I also have some recommendations from my first visit to Daughter Thai. I enjoyed the Tom Kha, which is coconut soup with mushrooms, tomato, cabbage, galangal, kaffir lime leaves, lemongrass, cilantro, and green onions. It had an excellent balance of flavors. 
The Ahi Scoops are pan seared sesame crusted Ahi tuna, cucumber, seaweed salad, crispy yam, dill, lemongrass, and chili lime. This is not a Thai dish to me, but it is one you want to make sure you order.
Although I have not eaten everything from the Daughter Thai menu, I already have a favorite. The crab fried rice is bomb. It’s got Dungeness crab meat, twice cooked rice, cage free egg, onion, tomato, and cilantro. It’s a simple dish that I could eat all the time.
If you enjoy Thai food, make your way to Daughter Thai in Montclair Village. They have some of the best and authentic Thai food in the Bay Area.  Happy Thai New Year!

Japanese Cuisine in Pasadena

A couple of weeks ago, I took a road trip with one of my closest friends to Southern California to check out the Super Bloom in Anza Borrego Desert State Park. It’s a long drive so we stopped in Los Angeles County to split up the drive both ways. Along with the beautiful wildflowers, there were plenty of cactus and Ocotillo. I even got an opportunity to do some four wheeling from one end of the desert to the other.  If you want to see more desert or dessert photos, follow my Instagram account.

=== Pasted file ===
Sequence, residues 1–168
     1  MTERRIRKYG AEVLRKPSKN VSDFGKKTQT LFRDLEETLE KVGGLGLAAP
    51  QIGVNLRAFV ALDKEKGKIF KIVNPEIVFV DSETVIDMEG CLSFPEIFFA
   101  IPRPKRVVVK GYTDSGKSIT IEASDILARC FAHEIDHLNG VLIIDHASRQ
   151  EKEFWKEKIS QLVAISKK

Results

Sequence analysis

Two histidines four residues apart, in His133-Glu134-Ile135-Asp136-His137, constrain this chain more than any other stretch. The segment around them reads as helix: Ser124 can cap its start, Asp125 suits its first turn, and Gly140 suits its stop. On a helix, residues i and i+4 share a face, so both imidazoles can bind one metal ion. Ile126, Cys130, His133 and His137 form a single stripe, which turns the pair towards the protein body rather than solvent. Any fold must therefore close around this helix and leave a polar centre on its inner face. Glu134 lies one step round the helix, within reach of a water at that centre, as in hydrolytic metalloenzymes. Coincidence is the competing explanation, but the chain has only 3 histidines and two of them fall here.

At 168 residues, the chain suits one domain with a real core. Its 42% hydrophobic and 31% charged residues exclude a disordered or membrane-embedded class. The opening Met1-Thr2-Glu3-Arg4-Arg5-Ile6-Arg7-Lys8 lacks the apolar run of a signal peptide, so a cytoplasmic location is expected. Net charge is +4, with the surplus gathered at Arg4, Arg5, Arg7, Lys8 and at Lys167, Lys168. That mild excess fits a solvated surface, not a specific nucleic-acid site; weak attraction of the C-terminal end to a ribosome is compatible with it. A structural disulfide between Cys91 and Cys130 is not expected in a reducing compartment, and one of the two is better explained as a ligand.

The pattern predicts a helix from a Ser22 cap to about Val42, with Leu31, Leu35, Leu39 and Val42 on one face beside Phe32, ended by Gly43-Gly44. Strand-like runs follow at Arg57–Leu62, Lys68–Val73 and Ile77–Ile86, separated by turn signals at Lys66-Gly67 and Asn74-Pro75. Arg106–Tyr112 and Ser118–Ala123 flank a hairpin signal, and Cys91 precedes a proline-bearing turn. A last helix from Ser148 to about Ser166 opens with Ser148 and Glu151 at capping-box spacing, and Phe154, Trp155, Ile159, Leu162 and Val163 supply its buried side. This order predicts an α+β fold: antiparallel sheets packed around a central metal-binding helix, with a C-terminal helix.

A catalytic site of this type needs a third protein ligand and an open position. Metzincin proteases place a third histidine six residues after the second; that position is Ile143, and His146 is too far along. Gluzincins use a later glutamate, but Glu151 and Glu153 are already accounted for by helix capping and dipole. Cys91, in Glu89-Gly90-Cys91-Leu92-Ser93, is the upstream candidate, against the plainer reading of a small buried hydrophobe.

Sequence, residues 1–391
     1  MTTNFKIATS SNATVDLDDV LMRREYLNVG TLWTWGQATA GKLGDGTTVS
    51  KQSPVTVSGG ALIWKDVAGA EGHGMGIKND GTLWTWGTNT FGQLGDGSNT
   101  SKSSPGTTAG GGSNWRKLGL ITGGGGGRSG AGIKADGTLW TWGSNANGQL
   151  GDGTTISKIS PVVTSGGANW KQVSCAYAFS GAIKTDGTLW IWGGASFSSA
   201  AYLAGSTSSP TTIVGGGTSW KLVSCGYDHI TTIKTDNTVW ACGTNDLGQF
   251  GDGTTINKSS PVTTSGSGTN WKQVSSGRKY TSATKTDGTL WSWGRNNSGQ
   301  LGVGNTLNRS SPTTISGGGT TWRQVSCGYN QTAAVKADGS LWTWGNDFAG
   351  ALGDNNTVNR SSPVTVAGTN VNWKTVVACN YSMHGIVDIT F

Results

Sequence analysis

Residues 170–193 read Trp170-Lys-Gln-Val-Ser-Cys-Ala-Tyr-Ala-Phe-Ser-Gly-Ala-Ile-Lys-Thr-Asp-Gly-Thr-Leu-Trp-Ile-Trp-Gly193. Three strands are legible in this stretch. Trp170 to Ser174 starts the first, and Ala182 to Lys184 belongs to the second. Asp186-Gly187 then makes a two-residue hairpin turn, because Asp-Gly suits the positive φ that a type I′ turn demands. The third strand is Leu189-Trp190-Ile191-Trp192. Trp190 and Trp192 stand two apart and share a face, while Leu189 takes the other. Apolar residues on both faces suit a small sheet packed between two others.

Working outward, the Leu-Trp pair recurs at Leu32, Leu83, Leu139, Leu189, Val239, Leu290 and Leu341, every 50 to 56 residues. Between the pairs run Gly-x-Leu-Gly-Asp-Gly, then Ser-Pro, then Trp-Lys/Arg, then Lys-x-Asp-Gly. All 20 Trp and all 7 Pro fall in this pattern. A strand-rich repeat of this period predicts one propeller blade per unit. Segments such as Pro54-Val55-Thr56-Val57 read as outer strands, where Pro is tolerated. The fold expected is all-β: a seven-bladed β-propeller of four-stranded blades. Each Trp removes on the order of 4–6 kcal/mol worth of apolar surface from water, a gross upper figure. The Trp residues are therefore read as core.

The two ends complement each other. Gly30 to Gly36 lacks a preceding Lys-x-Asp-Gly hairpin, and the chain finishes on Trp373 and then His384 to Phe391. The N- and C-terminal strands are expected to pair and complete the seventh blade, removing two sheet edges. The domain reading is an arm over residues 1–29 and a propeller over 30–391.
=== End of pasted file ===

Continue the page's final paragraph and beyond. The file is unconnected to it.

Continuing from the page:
On the return home, we stayed in Pasadena for the night. After a few days of mediocre food in the desert, we were interested in some fresh sushi. With some research, I discovered the recently opened Sushi Enya.  

The restaurant doesn’t take reservations, so we made our way to Colorado Blvd and were lucky to get seats at the sushi bar. We decided on the omakase dinner which would be a three hour affair and included welcome tea, about twelve pieces of sushi, soup, two appetizers, a hand roll, and homemade dessert.

The meal was very well paced and service was both friendly and impeccable. The waitstaff had eyes like hawks because as soon as you were done with a plate, someone would remove it as quick as lightning. A new cloth napkin would appear if you stepped away. I was getting quite full and made a comment to the sushi chef and he said he would use less rice for my remaining nigiri. I was also impressed to see a female sushi chef, even though she wasn’t ours. I heard women don’t make good sushi chefs because their hands are warmer than mens, which is not good for fresh fish. This was my first encounter with a female sushi chef.  I thought the dinner was excellent. After “slumming it” the past few days, it felt like a worthy occasion.